Sean Conroy, the first active openly gay professional baseball player in history, has an easy answer for why he came out to his teammates for the Sonoma Stompers of the independent Pacific Association of Baseball Clubs:

"It's kind of a respect thing," Conroy, 23, told USA Today. "I told my teammates I was gay because as we were becoming friends, I didn't want to feel like I was hiding or have to lie when they start to comment on girls. If a teammate tells me about how he met a girl at a bar, I tell him about how I met this guy at a bar. I try to keep it one-to-one as much as possible."

It's a great answer and I wish more gay athletes would look at it this way instead of hiding. Not that Conroy thinks it's an easy decision for others. "I've never held a conversation with an MLB player, let alone a gay one," Conroy said. "It's difficult to know if anyone else will come out. And it's hard to gauge how people would react if I was on their team."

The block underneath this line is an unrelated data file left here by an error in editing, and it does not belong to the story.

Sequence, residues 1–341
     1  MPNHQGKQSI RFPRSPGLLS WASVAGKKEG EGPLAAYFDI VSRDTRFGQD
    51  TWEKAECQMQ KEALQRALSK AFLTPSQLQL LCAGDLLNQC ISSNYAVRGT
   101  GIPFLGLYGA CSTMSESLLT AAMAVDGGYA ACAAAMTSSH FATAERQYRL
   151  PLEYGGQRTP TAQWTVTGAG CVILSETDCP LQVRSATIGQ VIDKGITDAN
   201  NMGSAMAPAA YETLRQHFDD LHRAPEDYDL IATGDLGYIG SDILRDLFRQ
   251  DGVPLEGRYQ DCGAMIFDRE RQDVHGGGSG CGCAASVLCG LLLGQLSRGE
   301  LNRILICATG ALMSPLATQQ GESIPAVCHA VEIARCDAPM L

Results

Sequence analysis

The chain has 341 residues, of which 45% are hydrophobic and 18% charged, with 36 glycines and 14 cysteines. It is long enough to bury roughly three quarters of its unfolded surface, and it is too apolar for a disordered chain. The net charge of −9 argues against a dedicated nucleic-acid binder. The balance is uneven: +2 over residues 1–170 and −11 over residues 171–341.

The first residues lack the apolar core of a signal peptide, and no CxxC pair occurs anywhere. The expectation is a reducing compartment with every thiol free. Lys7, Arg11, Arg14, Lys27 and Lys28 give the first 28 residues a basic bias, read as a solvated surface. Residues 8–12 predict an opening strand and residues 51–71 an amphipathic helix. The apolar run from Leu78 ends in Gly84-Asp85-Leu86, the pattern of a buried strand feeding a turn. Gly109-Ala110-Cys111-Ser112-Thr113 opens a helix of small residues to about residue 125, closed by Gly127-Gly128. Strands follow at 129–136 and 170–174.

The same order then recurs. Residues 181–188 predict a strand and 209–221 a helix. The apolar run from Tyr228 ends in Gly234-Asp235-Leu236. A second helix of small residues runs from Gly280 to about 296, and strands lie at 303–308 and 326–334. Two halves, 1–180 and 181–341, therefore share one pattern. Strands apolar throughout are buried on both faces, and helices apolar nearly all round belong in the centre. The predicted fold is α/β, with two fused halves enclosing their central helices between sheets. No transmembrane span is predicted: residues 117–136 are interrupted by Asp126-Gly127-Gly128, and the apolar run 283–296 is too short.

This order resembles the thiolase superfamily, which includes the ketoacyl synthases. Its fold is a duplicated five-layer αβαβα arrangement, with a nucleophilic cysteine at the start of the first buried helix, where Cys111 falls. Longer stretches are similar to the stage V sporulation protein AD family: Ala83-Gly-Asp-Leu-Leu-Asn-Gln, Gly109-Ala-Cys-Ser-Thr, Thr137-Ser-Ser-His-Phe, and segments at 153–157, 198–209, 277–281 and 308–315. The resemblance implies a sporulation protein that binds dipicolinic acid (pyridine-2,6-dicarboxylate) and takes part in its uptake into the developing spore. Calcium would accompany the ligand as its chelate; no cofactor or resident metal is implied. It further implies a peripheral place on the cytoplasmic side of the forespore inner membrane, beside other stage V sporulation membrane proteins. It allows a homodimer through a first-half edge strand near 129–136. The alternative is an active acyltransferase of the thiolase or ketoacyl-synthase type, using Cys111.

Conroy was surprised he was the first active openly gay pro ballplayer — Glenn Burke and Billy Bean are two Major Leaguers who came out after retiring — and he is appreciative of how he has been treated by the Stompers. "I could see other teams having less understanding environments and coaches. It's definitely important to feel welcomed on the team, to give yourself the best chance to perform at the highest peak."

Conroy has had a great season so far. He is 2-1 in 12 games, mostly as a reliever. He has an impressive 0.62 ERA in 28 innings pitched with 27 strikeouts and seven saves. He pitched a shutout in his first start, which happened on the team's Pride Night. Regardless of whether or not he ever advances beyond the minor leagues, Conroy has made history and a difference.